Forbidden Fruit

A week ago, I went to see a dietitian at the endocrinology clinic I go to. The reason for my visit was to get some help figuring out what else I could do on the days I exercise to keep my blood glucose closer to 150 mg/dl during the workout.


While I’m not going dangerously low at the gym, when I check my blood glucose 20 minutes into a workout, and then again at 40 minutes, I often find that I’m around 100 mg/dl. It’s a pretty safe bet that any blood glucose reading at these times will be going down, not up.

So I’ve been brooding about what to do. For the past several months, I’ve been going through two bottles of Gatorade (35 carbs per bottle) during my more intense workouts. But that’s simply become too much high fructose corn syrup (HFCS) for my taste.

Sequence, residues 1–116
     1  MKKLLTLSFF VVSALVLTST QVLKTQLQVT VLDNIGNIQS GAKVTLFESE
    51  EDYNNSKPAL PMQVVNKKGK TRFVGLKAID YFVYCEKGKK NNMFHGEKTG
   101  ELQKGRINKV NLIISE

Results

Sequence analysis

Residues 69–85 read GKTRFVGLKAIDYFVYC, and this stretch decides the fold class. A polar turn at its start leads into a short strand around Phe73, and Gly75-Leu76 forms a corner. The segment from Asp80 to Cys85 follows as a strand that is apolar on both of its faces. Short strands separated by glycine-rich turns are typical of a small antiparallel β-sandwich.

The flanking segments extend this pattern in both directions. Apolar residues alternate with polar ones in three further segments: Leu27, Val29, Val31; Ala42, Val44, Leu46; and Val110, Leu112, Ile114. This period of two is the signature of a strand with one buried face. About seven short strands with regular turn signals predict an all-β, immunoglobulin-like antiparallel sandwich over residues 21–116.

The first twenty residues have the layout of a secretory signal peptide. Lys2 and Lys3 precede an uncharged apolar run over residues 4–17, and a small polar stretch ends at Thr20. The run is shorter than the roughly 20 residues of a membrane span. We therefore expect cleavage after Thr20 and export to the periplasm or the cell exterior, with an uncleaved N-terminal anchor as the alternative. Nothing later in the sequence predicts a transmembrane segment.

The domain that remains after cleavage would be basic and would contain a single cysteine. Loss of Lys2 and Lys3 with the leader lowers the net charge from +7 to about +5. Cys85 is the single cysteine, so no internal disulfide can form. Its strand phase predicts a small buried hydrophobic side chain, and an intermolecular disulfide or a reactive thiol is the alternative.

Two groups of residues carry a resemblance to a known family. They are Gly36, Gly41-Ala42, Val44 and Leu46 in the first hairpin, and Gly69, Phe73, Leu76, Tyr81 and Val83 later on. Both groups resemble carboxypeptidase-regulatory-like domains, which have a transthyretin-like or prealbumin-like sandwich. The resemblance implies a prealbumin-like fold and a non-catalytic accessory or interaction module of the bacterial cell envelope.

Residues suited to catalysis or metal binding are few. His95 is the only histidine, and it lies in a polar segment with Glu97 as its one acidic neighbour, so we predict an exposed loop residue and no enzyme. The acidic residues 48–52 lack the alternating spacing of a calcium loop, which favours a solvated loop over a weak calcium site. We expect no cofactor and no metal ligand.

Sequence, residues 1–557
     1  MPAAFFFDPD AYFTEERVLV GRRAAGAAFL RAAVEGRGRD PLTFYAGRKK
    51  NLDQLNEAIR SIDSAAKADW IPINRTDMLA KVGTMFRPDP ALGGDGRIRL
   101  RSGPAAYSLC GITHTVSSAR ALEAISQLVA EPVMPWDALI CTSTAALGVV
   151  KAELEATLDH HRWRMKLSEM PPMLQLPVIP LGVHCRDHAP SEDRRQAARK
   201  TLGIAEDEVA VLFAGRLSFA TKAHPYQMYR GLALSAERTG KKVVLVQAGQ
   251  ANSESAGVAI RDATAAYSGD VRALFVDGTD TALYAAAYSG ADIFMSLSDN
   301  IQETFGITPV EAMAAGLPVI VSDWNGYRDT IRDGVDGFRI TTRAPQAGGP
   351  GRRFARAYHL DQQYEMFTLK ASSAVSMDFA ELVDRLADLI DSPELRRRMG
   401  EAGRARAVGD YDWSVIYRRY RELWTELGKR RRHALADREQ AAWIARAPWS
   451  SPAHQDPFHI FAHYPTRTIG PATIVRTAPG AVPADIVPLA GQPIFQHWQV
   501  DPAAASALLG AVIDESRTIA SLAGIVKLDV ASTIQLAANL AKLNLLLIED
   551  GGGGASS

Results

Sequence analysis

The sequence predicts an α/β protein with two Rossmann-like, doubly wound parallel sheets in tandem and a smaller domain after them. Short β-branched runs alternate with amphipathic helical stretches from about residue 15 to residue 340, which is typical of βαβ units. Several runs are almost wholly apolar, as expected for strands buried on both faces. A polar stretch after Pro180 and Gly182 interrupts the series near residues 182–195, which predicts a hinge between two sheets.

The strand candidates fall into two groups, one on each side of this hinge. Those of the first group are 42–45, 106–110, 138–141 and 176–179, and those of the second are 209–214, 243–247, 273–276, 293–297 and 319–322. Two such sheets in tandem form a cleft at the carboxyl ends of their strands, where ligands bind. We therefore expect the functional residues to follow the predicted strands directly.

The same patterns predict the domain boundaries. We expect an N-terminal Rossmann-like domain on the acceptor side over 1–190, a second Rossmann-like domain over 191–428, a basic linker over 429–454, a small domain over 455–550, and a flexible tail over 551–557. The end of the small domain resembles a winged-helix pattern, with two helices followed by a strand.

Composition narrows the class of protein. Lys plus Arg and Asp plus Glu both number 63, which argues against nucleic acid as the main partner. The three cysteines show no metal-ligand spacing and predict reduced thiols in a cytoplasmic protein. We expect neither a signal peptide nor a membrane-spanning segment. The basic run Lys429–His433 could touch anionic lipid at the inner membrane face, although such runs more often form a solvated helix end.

When the dietitian recommended some other options, such as fruit juice, bananas, and/or eating more of an actual meal—without bolusing—about an hour before starting my workout, something slowly dawned on me: I’ve been carrying around some rather stupid preconceptions about certain foods over the past 10 months or so. My early days, weeks, and months with Type 1 diabetes created a few neural pathways that only recently—in the past week, actually—have I gone back in to try and clear the mud and weeds from.

Take my relationship to bananas, for example.

One of the things I learned soon after my diagnosis was how carbohydrate-heavy a banana was. In those confusing first few months, my mind spun so many erroneous tidbits of information about bananas, and in fact many other fruits, to such an extreme that I began to see them as dangerous. Avoid bananas because you’ll go high! Don’t eat more than a few strawberries! Ignore the orange juice—use only in case of emergency!